Stieg Larsson books just keep on coming
A memoir by Stieg Larsson's partner arrives in the US next month, while an exploration of Larsson and his world is already available.
The man may have died in 2004 but thanks to the immortality of the written word – and the insatiability of publishers eager for another "Millennium" title – Larsson lives on.
You’ll find Larsson in the long-anticipated memoir by his longtime love Eva Gabrielsson, “There Are Things I Want You to Know About Stieg Larsson and Me.”
She confirms that her journalist-turned-crime novelist partner wrote some 200 pages of a fourth book in the Millennium trilogy before his death in 2004. The title of the fourth book – "God's Vengeance" – was already determined before Larsson died, she writes.
She also shares some details of the family feud regarding control of Larsson’s estate, including rights to his books. Gabrielsson writes that she is still hoping to gain legal rights to complete Larsson’s fourth book.
Regarding her role in the Millennium trilogy, Gabrielsson writes, “I can simply say that we often wrote together,” adding that the books are “the fruit of Stieg’s experience, but also of mine.”
Three authors present a different perspective of Larsson’s life, death, and books in “The Tattooed Girl: The Enigma of Stieg Larsson and the Secrets Behind the Most Compelling Thrillers of Our Time,” already available on Amazon.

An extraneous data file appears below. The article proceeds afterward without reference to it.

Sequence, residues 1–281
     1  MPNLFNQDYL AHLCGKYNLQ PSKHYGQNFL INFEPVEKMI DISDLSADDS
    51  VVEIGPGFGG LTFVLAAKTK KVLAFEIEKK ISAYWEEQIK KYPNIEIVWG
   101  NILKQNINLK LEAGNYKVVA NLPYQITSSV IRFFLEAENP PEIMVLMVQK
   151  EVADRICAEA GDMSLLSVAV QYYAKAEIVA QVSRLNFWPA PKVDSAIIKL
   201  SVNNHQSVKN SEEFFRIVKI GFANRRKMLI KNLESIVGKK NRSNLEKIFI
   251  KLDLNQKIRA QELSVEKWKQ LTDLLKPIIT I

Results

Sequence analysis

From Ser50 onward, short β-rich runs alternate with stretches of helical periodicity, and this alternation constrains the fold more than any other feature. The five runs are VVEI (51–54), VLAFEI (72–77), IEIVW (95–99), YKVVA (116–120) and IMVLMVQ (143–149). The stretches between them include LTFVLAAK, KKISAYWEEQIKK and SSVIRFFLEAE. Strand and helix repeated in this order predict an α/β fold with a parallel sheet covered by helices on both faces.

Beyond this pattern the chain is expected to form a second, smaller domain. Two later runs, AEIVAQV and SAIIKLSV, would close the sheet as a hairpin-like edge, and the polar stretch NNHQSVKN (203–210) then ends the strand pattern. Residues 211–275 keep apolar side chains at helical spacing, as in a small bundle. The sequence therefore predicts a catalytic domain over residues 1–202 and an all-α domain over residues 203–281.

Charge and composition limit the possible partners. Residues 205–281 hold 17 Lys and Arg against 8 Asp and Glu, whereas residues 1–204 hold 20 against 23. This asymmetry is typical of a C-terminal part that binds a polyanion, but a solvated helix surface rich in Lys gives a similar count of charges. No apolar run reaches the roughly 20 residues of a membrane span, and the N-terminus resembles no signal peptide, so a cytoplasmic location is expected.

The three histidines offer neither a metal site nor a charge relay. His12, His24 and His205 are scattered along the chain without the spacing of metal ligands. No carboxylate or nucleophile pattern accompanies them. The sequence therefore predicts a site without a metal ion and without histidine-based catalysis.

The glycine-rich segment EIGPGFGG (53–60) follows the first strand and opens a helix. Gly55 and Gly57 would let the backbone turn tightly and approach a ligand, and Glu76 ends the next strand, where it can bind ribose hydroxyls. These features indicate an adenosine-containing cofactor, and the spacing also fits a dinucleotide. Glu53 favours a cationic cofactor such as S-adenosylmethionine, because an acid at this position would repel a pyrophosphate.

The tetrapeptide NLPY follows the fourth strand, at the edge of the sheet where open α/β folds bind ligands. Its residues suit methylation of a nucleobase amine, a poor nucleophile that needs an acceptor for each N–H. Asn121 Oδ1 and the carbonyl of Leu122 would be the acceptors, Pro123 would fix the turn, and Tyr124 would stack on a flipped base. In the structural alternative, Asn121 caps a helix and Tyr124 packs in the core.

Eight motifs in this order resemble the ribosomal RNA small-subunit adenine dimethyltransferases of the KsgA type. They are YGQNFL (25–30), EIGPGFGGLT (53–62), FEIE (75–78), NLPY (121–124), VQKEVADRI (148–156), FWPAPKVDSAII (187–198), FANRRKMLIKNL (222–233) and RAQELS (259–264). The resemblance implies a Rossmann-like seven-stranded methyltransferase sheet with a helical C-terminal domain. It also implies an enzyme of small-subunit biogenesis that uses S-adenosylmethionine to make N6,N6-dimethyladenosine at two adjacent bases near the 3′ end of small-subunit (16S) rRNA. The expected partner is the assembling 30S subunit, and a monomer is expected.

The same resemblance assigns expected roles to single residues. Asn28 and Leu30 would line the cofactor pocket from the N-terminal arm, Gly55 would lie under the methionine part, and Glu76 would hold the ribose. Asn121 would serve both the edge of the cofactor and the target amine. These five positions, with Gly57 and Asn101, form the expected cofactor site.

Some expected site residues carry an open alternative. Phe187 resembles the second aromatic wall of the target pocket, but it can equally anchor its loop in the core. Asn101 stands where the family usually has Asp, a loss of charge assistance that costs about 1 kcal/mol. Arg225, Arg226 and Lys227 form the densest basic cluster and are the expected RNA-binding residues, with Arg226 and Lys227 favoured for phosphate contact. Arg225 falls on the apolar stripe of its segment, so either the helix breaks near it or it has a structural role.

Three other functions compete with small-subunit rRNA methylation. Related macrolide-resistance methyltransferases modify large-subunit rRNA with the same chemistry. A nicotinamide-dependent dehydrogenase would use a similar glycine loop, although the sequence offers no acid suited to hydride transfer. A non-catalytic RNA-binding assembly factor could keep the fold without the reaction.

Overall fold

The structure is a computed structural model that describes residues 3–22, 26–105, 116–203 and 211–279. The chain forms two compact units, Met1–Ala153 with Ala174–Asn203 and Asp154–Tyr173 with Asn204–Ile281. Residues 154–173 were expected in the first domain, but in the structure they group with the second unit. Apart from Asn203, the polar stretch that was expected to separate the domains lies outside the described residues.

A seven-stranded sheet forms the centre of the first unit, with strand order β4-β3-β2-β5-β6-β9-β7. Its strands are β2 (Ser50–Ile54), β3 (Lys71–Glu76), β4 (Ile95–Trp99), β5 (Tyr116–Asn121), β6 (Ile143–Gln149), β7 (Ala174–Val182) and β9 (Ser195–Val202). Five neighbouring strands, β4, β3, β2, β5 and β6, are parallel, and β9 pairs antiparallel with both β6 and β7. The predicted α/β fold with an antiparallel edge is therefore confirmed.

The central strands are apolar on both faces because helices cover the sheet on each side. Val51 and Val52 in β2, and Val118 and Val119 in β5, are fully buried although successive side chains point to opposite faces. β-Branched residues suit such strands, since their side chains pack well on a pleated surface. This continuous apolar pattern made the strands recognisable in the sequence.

Authors Dan Burstein, Arne de Keijzer, and John-Henri Holmberg, a Swedish author and close friend of Larsson’s, explore the world of Lisbeth Salander – and Larsson himself – through interviews, research, and commentary. They delve into topics explored in the Millennium series, including Swedish politics, neo-Nazis, and violence against women.
In an interview with USA Today, Burstein says his investigation lays to rest any rumors that Larsson was killed by neo-Nazis, a group Larsson publicly denounced and actively worked against. “All of my work suggests there's no other story than he had an unfortunate heart attack,” said Burstein.
Perhaps more interestingly, the authors divulge details of Larsson’s early interest in science fiction and American and British crime writers, all of which became rich fodder for his beloved trilogy.
Burstein also said, “I feel pretty certain” that Larsson left “a substantive amount of material as well as extensive outlines and plots for further books" about Salander.
Something tells us this may not be the last we see of Lisbeth Salander either.
Husna Haq is a Monitor correspondent.